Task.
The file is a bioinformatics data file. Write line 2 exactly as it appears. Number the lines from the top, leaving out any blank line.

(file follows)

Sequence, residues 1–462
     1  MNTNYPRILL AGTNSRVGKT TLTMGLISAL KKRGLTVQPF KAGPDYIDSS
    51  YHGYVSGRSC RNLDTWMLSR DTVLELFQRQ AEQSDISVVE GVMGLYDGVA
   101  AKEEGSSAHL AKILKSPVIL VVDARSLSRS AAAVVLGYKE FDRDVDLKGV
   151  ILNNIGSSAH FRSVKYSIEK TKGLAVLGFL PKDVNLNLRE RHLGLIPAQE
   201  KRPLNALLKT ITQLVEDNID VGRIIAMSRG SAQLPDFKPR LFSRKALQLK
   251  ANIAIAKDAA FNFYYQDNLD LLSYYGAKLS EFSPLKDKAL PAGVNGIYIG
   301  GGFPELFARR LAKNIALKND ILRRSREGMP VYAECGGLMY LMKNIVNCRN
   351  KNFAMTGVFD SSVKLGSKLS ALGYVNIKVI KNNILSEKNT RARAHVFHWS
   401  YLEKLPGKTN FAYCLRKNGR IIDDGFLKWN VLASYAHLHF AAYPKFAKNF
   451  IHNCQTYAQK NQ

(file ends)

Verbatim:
     1  MNTNYPRILL AGTNSRVGKT TLTMGLISAL KKRGLTVQPF KAGPDYIDSS